Perilous alternative routes into Europe await desperate migrants facing deportation from Greece

Formidable fences guard the border of the Spanish enclave of Ceuta.
Formidable fences guard the border of the Spanish enclave of Ceuta.
Image: Francesco Malavolta
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Greece has seen a big drop in the number of refugees and migrants coming to the country following an agreement between the EU and Turkey that calls for ”irregular” arrivals from Turkey to be turned back or deported.

The agreement came into force on Apr. 4. Arrivals to Greece in the first half of this month declined by about 90% compared to the first half of the previous month, according to the International Organization for Migrants (IOM):

Human rights groups have criticized the agreement, saying it disregards the rights of refugees, asylum seekers, and migrants. They argue that it may force smugglers to try more dangerous routes. Andrew Stroehlein, European media director for Human Rights Watch, says that closing borders is likely to force people to take “longer, more complicated routes that are more expensive,” into Europe, enriching smugglers along the way.

Among these, and especially popular in the warmer summer months, are the central and western Mediterranean sea crossings, which includes the longer trips to Italy from North Africa and the journey to Spain from Morocco, which requires navigating strong currents around the Strait of Gibraltar. A third option is to enter Ceuta and Melilla, Spanish territories that sit within Morocco’s northern coast: This past weekend, 136 people were rescued off the coast of Morocco, likely attempting to get there.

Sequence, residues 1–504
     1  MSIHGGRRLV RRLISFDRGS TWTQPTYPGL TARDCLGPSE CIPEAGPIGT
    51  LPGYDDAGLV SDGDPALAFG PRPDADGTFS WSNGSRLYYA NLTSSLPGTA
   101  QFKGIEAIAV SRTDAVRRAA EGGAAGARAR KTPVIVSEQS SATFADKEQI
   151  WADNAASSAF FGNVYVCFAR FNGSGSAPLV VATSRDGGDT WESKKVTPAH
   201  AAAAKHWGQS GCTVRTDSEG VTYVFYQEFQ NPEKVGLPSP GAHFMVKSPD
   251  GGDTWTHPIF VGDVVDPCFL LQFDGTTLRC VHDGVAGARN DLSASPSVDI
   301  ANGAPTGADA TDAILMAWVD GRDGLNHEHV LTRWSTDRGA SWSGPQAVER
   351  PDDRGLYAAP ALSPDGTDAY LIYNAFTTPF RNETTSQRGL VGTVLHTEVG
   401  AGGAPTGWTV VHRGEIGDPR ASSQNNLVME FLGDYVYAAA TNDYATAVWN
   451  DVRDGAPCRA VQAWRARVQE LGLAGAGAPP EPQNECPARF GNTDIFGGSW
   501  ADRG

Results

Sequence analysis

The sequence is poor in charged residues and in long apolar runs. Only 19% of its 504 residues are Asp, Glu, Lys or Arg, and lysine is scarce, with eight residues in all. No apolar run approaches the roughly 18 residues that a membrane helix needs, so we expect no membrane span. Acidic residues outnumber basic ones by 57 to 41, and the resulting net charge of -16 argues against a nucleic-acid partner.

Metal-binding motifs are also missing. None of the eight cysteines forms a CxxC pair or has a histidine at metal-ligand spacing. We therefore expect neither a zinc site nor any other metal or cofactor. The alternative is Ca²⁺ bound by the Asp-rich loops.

These Mediterranean crossings from north Africa were previously the most popular routes into Europe, despite the perils they pose, before being overtaken by the eastern route into Greece via the Aegean Sea. Now, with arrivals on that route facing deportation, and the Balkan countries around Greece also closing their borders, humanitarians are turning their attention further west.

Indeed, data from UNHCR, the United Nations refugee body, show that sea and land arrivals to Italy and Spain have risen sharply in recent months. In the first quarter of 2016, migrant arrivals to Italy rose to almost 19,000, versus just over 10,000 over the same period in 2015, while arrivals to Spain went up to about 900 this year compared with 550 last year.

Ceuta’s fortifications.
Ceuta’s fortifications.
Image: Photo by Francesco Malavolta

IOM cautioned that it couldn’t yet link the increase in these crossings to the EU-Turkey deal. But Daniela Segreto, who leads a special initiative for immigration in Sicily, says that the effects of closing the route to Greece was already being felt in Italy. “These people come anyway,” she says, adding that she doesn’t consider it to be an “emergency,” but rather a new normal. ”It’s an unstoppable phenomenon that we can only try and manage,” she says.

Last week, the Guardian reported smugglers were re-advertising crossings from Turkey to Italy, at four times the cost of a trip to Greece.

In 2015, nearly 3,500 people died attempting to cross the Mediterranean, particularly around Sicily. Earlier this week, 400 people were feared dead while attempting the sea crossing to Italy. Details of the incident have yet to be confirmed. Around the same timesix people were found dead (link in Italian) and 106 were rescued trying to cross to Italy from Libya on a rubber boat.

These incidents took place almost a year to the day after the worst shipwreck in the Mediterranean in recent history, which claimed the lives of an estimated 800 migrants trying to cross from to Italy from Libya.